In his briefs at the Supreme Court, Elonis argues that a “threat” by its very nature requires an intent to cause fear. Because the whole point of a crime, he says, is that the defendant meant to do something wrong, the Court has interpreted criminal laws as requiring a wrongful intent even when they did not explicitly do so. Making it a crime to threaten someone even if you didn’t intend to threaten them, he contends, would cause people not to speak at all, because they would be worried about whether they could go to jail based on a jury’s possible misinterpretation of their comments. This is particularly true, he concludes, when you are talking about alleged threats on social media and email, where nuance and tone matter so much and it’s so easy to misconstrue what someone says.
The federal government counters that, as the trial court in this case instructed the jury, courts should determine whether something is a “true threat” by looking at whether an average person would interpret the statement as reflecting a serious intent to harm someone. The government emphasizes that courts and juries can and should look at the context in which the alleged threat was made, and at the reactions of the people who heard the alleged threat, but they should not consider whether the defendant himself actually intended to threaten. This, the government explains, is because even if Elonis didn’t intend to threaten his ex-wife or the FBI agent, they were still afraid and their lives were still disrupted: the First Amendment doesn’t protect him even if he knew that he didn’t mean to threaten them.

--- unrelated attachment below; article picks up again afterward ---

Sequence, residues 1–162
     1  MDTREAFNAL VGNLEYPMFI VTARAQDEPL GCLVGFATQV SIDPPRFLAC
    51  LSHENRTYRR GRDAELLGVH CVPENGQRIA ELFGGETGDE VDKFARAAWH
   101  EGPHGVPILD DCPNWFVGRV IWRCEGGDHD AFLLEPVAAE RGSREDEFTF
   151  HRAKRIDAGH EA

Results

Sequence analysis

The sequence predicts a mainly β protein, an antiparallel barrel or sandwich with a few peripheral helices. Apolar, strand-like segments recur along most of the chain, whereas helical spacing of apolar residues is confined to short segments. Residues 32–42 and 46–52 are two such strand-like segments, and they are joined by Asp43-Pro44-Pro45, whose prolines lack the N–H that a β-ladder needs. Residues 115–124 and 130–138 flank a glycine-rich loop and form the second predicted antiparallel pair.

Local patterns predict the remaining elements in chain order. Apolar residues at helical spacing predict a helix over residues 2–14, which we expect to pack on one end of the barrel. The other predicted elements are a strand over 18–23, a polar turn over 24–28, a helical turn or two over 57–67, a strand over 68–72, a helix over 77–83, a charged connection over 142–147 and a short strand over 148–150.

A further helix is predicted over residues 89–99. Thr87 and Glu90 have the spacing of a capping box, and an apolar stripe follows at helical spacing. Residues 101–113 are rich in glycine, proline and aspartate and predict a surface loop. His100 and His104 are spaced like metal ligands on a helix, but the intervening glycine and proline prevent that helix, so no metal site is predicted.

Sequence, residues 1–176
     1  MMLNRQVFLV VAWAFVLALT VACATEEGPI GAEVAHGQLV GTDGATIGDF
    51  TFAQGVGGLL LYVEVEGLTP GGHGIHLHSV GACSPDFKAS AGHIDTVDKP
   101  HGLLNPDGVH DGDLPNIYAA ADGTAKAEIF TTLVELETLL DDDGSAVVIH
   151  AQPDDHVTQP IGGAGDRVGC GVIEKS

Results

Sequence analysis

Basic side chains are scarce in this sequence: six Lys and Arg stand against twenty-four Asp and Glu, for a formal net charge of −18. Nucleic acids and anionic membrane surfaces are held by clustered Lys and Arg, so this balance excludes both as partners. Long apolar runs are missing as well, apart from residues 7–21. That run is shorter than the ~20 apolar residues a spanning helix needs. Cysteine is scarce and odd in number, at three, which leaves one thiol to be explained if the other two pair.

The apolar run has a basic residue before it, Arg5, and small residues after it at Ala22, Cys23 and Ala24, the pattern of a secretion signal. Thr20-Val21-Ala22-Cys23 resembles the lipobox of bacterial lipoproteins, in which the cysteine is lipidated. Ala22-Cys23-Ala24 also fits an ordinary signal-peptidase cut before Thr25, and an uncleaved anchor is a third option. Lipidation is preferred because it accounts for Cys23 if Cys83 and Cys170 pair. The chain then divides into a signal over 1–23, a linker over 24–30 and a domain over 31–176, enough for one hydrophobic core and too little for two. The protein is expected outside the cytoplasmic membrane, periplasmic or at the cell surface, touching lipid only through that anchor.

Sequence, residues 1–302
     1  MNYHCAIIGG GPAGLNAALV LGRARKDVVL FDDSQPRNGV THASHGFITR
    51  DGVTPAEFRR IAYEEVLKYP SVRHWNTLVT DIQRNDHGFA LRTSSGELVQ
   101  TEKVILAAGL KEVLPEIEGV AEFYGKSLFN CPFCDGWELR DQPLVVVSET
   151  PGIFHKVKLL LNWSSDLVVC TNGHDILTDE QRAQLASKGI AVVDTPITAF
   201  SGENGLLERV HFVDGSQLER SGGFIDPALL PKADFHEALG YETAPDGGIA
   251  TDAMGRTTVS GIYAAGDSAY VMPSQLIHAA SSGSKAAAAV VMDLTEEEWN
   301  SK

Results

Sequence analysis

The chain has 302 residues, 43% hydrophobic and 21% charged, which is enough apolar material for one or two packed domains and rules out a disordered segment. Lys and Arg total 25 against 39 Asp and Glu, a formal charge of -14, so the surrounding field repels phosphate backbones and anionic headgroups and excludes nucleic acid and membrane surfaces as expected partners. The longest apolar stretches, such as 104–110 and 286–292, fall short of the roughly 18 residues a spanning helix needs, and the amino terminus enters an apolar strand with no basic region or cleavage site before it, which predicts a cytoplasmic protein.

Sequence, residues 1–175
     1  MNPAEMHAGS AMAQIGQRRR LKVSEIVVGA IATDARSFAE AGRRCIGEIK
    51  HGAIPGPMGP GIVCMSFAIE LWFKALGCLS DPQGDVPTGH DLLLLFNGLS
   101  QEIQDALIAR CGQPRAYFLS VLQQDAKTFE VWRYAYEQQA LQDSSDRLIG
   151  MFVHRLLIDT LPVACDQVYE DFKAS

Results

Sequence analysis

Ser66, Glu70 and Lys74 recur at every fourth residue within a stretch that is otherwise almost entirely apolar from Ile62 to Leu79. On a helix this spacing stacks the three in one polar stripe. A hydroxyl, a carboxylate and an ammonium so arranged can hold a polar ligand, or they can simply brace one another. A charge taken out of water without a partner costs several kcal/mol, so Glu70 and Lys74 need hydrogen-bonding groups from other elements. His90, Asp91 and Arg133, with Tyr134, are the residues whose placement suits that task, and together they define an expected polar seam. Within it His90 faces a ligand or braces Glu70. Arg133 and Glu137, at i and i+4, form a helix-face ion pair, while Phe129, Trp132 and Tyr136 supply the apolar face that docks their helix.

Emily Bazelon also profiles this case in a piece that was published last weekend in The New York Times Magazine. As she points out, and as Amy Howe notes in the piece linked above, is what comes down to the primary issue in this case. Elons argues that he should not be prosecuted for what he posted on his Facebook page because, instead of actually being a threat, it was, in essence, a form of therapy. What appear to be violent threats against his estranged wife is, in reality, playacting of the kind that people often engage in online. Since there was never any intent on his part to threaten anyone via his postings, he cannot be prosecuted for what he posted. The obvious problem in dealing with a defense such as this, of course, is that it is quite easy for a Defendant to say after the fact that they never actually intended to threaten anyone. At that point, it becomes a question for a jury. In Elonis’s case the jury was instructed that they could find him guilty if they believed that it was reasonable for his estranged wife to view the posts a serious threat to cause her harm. The question before the Court on Monday will be whether this was the proper instruction, or whether the jury should have been instructed that it could only convict if it believed that Elonis truly intended to harm her and that it must acquit if there was any reasonable doubt on this issue. Obviously, if the Court adopts some version of the standard that the Defendant wants then it would make it much harder for prosecutors at all levels to convict someone who made what a potential target might perceive to be a threat against him or her, especially in an online forum where things such as anonymity, a sense of role-playing and people taking on personas that are different from those they project in the “real” world, and openness have long been hallmarks.